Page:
Individual Differences in Person Perception and Interaction


To date, cognitive and neuronal correlates of person perception and human interaction are surprisingly poorly understood. One example is face recognition and face learning skills: Individual differences in these skills has only recently become a focus of  research. In this project, we (1) study face learning in people with good and poor face recognition skills, and specifically address the question whether poor performers might benefit disproportionately from an enhancement of a face ́s idiosyncratic shape or texture (by means of selective spatial caricaturing). We also (2) study neural correlates of individual differences in face recognition skills. In specific experiments, we (3) investigate individual differences in processing the second-order spatial configuration of facial features, by using a metric manipulation of feature placement.  In broader studies with larger groups of participants, we (4) assess relationsips between face and voice perception skills and more general  skills relevant to social cognition and interaction (such as perspective-taking or theory of mind), as well as with personality characteristics (such as the BIG FIVE, or autistic traits)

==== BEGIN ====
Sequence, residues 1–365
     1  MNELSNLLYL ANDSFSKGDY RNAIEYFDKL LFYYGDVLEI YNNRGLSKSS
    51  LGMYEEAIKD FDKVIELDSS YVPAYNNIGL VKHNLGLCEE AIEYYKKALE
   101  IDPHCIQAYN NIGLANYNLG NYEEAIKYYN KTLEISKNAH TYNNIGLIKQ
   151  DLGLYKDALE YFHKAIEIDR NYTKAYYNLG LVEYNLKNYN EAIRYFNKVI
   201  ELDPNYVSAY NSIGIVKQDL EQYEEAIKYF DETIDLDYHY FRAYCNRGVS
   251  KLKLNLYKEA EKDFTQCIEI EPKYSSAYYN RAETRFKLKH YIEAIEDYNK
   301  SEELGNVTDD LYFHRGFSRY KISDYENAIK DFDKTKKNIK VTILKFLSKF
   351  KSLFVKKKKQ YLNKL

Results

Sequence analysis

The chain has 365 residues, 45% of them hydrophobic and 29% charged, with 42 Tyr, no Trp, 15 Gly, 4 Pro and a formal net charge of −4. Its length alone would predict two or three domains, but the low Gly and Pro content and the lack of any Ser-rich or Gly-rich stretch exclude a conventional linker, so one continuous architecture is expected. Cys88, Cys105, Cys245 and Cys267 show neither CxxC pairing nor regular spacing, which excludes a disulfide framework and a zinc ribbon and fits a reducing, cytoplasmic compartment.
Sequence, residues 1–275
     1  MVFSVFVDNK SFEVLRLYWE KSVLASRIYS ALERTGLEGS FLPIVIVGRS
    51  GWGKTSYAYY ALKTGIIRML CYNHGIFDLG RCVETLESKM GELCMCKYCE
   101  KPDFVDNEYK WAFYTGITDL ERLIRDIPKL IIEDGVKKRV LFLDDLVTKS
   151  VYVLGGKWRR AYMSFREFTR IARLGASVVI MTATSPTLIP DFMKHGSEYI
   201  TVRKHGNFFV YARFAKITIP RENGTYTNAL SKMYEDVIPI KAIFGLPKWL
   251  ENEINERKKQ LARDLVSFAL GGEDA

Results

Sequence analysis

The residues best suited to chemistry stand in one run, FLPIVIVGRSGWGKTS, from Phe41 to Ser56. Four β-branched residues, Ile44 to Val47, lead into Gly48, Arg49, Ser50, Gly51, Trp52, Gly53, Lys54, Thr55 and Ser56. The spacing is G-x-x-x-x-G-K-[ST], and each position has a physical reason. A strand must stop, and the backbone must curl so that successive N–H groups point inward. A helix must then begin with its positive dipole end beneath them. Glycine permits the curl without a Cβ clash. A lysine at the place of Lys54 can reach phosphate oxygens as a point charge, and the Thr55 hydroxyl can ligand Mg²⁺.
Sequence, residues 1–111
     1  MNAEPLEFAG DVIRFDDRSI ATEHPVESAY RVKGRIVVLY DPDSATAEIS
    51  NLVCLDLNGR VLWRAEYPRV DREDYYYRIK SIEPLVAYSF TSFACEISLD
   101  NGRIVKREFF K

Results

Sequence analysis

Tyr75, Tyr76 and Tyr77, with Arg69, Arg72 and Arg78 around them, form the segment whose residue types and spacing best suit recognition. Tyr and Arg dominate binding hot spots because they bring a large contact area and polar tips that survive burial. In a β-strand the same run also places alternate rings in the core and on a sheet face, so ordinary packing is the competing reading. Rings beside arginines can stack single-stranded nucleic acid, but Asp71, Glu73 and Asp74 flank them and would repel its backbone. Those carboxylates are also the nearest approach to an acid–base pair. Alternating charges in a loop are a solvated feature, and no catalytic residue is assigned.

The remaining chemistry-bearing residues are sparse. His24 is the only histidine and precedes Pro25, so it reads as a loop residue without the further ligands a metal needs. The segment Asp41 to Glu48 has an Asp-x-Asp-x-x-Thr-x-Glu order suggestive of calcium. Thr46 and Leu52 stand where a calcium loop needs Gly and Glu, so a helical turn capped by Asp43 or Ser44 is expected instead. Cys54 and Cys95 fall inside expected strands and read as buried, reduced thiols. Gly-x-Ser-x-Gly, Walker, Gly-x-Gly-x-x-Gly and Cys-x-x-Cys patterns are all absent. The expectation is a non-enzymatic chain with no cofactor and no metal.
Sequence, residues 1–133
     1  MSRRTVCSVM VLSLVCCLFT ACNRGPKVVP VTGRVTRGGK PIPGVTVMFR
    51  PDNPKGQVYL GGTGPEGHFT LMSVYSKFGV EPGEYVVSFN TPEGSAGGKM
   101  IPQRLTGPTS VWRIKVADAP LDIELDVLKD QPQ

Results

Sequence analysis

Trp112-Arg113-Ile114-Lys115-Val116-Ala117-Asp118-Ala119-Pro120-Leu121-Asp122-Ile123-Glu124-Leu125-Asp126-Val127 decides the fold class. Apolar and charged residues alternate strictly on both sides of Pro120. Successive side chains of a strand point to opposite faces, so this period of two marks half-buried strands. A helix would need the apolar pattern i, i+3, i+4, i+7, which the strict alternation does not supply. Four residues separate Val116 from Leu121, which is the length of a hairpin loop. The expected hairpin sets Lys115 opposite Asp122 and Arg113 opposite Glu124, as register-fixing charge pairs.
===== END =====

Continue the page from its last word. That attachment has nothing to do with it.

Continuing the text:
Selected Relevant Publications

Itz, M.L., Golle, J., Luttmann, S., Schweinberger, S.R. & Kaufmann, J.M. (2017). Dominance of texture over shape in facial identity processing is modulated by individual abilities. British Journal of Psychology, 108(2), 369-396. (Link to pdf)

Kaufmann, J.M., Schulz, C., & Schweinberger, S.R. (2013). High and low performers differ in the use of shape information for face recognition. Neuropsychologia, 51(7), 1310-131. (Link to pdf)

Skuk, V.G., Palermo, R., Broemer, L., & Schweinberger, S.R. (in press, 2017). Autistic Traits are Linked to Individual Differences in Familiar Voice Identification. Journal of Autism and Developmental Disorders. (Link to pdf)


DFG-grant KA2997/3-1